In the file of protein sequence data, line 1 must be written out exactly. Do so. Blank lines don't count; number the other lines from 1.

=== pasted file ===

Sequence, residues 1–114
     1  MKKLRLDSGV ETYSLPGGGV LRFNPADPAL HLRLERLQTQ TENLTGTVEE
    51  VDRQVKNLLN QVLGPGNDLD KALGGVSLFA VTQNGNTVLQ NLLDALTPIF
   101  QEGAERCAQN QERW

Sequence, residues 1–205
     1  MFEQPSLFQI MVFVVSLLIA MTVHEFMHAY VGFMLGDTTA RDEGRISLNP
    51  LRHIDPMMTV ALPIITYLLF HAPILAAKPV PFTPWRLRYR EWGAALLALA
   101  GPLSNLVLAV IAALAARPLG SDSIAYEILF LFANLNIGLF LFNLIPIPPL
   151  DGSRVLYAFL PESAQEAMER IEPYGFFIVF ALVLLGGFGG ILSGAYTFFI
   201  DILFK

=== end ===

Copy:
Sequence, residues 1–114